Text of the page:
A slowdown in new business aircraft development programs finally ended with the May 6 unveiling of Dassault’s entry into the ultra-long-range, wide-cabin business jet market, the Falcon 10X. Of course, there are other ongoing programs, including the Falcon 6X, Gulfstream G700, and Cessna Denali, but it seems that many of the optimal niches are filled and it might be some time before we see further new programs launched.
The newest business jet program is the just-launched Falcon 10X, Dassault’s 7,500-nm competitor to the Bombardier Global 7500 and Gulfstream G700. A twinjet powered by Rolls-Royce’s Pearl 10X turbofan, the 10X will feature a huge cabin with a volume of 2,780 cu ft, the largest cross-section of a purpose-built business jet, with an interior width at 9 feet 1 inch and height of 6 feet 8 inches.
With a mtow of 115,000 pounds, the 10X will carry 51,700 pounds of fuel and have a payload of 6,500 pounds. According to Dassault's preliminary performance figures, the 10X will be able to achieve its 7,500-nm range at Mach 0.85. Maximum operating speed will be Mach 0.925, but the 10X will still be able to take off at maximum weight with a balanced field length of less than 6,000 feet and perform steep approaches. Landing distance is projected to be less than 2,500 feet.
Dassault is leveraging its experience at manufacturing composite wings for the Rafale fighter jet, and the 10X’s highly-swept wing will be made of carbon-fiber composite materials. Like all Falcons, the 10X will have leading-edge slats, flaps, spoilers, and ailerons. The empennage is also a big change for the 10X, switching from the cruciform and downward-canted horizontal stabilizers on earlier models to a T-tail configuration.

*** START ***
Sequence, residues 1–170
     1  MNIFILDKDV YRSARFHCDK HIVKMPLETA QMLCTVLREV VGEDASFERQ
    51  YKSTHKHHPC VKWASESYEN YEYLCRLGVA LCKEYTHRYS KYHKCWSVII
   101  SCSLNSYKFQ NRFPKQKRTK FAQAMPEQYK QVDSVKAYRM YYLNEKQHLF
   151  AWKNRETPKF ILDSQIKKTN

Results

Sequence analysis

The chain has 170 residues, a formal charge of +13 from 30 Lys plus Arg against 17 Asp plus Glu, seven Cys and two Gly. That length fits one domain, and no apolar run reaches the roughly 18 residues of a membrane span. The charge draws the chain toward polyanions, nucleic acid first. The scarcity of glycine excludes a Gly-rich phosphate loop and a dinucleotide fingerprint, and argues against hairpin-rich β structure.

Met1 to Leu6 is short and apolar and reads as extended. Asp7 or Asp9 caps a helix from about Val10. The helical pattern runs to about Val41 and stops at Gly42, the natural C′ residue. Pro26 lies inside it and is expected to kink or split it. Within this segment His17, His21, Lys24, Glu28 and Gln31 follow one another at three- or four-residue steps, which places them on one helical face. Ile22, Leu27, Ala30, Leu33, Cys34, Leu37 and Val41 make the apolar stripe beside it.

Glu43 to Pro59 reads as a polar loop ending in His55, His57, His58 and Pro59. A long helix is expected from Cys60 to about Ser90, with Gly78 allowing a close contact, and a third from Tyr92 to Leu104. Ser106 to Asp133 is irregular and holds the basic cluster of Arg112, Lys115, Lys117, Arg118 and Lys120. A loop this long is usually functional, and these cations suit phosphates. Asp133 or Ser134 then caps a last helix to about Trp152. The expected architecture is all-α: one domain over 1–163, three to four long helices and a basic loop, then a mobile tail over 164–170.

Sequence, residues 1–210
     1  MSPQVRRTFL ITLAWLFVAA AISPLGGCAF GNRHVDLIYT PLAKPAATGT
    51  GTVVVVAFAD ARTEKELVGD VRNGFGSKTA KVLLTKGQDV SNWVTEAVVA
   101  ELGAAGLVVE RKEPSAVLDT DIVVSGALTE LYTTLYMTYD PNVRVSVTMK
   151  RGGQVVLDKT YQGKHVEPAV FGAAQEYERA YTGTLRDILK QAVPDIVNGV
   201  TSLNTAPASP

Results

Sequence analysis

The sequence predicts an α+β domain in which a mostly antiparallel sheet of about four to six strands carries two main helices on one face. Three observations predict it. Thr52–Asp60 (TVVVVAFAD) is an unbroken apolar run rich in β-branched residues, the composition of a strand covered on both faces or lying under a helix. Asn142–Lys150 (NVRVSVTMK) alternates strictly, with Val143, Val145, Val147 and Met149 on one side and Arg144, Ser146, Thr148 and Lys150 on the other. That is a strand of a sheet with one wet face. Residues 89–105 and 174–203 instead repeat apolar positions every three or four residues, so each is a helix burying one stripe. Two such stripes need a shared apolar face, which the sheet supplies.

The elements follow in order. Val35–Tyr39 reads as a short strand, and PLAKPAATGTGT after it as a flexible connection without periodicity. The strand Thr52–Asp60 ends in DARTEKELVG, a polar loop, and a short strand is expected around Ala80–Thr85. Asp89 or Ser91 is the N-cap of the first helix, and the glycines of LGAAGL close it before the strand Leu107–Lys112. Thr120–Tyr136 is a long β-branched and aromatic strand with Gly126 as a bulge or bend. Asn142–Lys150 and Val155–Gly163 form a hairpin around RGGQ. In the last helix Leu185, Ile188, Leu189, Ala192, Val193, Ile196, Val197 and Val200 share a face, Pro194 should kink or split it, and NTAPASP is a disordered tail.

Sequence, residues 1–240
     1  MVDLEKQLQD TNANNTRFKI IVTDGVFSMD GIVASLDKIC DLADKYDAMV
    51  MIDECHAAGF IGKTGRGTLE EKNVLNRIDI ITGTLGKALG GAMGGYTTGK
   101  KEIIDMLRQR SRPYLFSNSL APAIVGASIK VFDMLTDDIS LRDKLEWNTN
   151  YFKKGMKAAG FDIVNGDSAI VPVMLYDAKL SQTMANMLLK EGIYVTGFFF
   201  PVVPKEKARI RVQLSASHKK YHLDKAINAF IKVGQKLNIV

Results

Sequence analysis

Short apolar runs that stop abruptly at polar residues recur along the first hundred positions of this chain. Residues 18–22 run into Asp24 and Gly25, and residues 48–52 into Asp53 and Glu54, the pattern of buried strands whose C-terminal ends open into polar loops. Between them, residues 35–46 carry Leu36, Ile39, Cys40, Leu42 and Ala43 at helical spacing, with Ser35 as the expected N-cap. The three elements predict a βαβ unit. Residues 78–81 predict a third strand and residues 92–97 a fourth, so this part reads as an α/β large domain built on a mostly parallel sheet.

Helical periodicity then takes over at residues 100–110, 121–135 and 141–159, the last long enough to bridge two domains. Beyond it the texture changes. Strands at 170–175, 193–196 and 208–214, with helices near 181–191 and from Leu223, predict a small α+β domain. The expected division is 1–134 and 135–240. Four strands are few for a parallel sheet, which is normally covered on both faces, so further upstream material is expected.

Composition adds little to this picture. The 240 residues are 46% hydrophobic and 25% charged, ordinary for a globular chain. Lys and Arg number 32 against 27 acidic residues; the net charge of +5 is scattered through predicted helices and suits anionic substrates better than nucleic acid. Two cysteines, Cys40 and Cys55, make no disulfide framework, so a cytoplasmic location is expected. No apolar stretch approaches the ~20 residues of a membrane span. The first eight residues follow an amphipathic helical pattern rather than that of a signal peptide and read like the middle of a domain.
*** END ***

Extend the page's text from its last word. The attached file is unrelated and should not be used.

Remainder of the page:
Also new for the 10X is an addition to the digital flight control system (DFCS)—the single power-lever Smart Throttle that was tested extensively during a 7X flight-test campaign last year. Dassault’s plan to incorporate the Smart Throttle to the DFCS will enable the addition of Recovery Mode.
With full control of all aspects of fly-by-wire flight control as well as the engines, the DFCS will be able to return the 10X to stable flight after an upset, when the pilot pushes the Recovery button on the instrument panel. Incorporation of the Recovery Mode may also lead to the addition of an Automatic Ground Collision Avoidance System (AGCAS). The single power lever, Recovery Mode, and AGCAS are standard on the Rafale.
The 10X’s DFCS has additional features, including a soft go-around and “comfort” climb and descent, designed to make passengers more comfortable during maneuvering. The Smart Throttle also helps facilitate improvements for reduced-thrust takeoffs and noise abatement.
Multiple touchscreen displays simplify the pilot interface, including a graphical flight management system and simplified checklists with auto-sensing of many switch positions. Much of this is designed to address both the possibility of reduced crew operations, which could be one pilot flying while the other rests. In fact, the flight deck will be fitted with fully reclining seats for what is termed extended minimum crew operations.
Dual FalconEye head-up displays (HUD) will be double as primary instruments, opening up the panel displays for other uses. Dassault expects to have EVS-to-land capability with FalconEye, allowing landings to touchdown and rollout in poor visibility with no natural vision outside the aircraft.
The Pearl 10X represents the first time a Falcon will be powered by a Rolls-Royce engine. For the new jet, the Pearl 10X will produce more than 18,000 pounds of thrust while delivering 5 percent lower specific fuel consumption compared to earlier-generation engines.